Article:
It’s a difficult process making inroads into such a spiritually hostile environment. “I have shared the Gospel with one lady over 150 times, easily,” says Scott. “I didn’t sugarcoat anything. I was as clear as possible. And after 18 months she finally realized that Christians and Mormons aren’t talking about the same Jesus.”
Scott recently discovered a biblical principle that is particularly interesting to people—the idea of grace. “They would say they believe in grace,” Scott says, “but I tell them the difference between what they believe about grace and what the Bible actually says.”
The Andersons know they have to be ready to explain their beliefs at any time. There are no easy converts—most people they share the Gospel with have been steeped in false religion all their lives and know how to combat Christians with certain verses taken out of context. So Scott keeps 2 Corinthians 5:21 on the tip of his tongue at all times, which says, “For our sake He made Him to be sin who knew no sin, so that in Him we might become the righteousness of God.” He uses the Scripture to show how a person can’t add anything, not even good works, to his or her salvation.
Even though Scott and Amanda have not personally lead anyone to Christ yet, two of the young men that Scott disciples have. But it’s not for a lack of trying. The small evangelical church that the couple attends has prayer walking events, neighborhood Bible studies, and they minister to tangible needs of the poor, like food and clothing.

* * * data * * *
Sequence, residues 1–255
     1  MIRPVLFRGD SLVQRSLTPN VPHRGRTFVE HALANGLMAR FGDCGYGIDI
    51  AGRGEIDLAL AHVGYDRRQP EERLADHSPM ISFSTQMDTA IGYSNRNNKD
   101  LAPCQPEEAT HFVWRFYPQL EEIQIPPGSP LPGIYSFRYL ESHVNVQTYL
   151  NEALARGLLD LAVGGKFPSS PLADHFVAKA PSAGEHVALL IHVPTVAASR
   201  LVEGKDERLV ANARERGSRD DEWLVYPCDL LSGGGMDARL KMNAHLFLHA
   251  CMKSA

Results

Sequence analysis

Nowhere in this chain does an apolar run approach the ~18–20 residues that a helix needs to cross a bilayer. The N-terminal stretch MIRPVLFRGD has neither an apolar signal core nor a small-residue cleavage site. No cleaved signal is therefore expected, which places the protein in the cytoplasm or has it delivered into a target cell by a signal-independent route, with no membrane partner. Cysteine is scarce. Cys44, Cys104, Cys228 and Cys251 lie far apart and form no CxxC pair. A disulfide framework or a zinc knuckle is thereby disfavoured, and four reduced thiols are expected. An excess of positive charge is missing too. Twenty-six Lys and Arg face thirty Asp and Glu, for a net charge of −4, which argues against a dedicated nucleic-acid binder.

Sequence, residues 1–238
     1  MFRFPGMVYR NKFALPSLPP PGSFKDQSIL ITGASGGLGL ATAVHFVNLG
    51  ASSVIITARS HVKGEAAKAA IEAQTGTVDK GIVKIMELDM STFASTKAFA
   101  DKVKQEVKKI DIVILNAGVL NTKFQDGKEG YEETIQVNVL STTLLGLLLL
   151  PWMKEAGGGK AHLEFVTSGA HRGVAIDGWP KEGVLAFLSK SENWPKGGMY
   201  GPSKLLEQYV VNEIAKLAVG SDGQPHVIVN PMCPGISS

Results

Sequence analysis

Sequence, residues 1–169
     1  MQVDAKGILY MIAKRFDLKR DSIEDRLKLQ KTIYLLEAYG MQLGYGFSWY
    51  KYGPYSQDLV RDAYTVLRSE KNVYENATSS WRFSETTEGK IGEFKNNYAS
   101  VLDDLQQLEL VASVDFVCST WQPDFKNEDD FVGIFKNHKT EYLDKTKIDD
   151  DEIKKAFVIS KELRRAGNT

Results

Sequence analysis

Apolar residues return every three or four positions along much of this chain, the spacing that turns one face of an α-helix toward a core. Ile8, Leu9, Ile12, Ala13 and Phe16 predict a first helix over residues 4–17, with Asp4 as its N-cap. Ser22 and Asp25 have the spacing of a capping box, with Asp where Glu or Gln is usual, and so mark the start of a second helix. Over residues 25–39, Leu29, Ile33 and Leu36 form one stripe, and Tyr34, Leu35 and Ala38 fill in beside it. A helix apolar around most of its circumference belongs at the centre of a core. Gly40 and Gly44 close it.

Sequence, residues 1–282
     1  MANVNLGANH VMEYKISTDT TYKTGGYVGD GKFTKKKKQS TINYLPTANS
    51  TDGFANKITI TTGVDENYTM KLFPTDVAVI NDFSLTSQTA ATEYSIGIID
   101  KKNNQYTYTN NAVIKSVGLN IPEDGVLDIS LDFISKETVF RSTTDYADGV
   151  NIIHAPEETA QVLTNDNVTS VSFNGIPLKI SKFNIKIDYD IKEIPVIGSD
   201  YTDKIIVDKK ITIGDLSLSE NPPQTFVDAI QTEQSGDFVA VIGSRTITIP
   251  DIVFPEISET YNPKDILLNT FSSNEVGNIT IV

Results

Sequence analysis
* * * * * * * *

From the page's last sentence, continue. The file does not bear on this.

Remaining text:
Adapting to the Environment
Scott’s ultimate vision has changed since he first started this journey. Rather than being a church planter himself, Scott hopes to create converts who can then plant churches among their own people. “A person who has a testimony like that will be a much better evangelist than we will be ... much more effective,” Scott says.
For an evangelical Christian, living in Utah is like a foreign land. Most evangelicals in the area are transplants from other parts of the country. Scott and Amanda must be discreet about sharing their faith or they may be ostracized or even lose their jobs. “We constantly live in a balance,” Scott says. “We must submit to authorities, but we have a higher ethic to obey. The reason we haven’t burned out is because we’re called!”
But Scott and Amanda are encouraged by the inroads they do make. “We are planting seeds as early and as often as we can,” Scott says.
How You Can Help
Scott encourages anyone from Arkansas, especially those who want to share the Gospel, to visit anytime. “Just start speaking to someone here. They will ask about your accent. You tell them that you’re Southern Baptist, and there’s your opportunity.”
Scott doesn’t share the Gospel aggressively or argumentatively. “You will never reach a Mormon if you start slamming their religion,” Scott says. But rather, he encourages you to share your testimony the way you would to any lost person and let the Holy Spirit do the rest.
“It’s hard to believe that there are places like this in America,” Scott says, “but here we are.” The people right here in the United States still need missionaries, and the Andersons are following that call.
For more information about the Anderson family or if you desire to partner with them in any way please email them at: Resolved4Provo@gmail.com.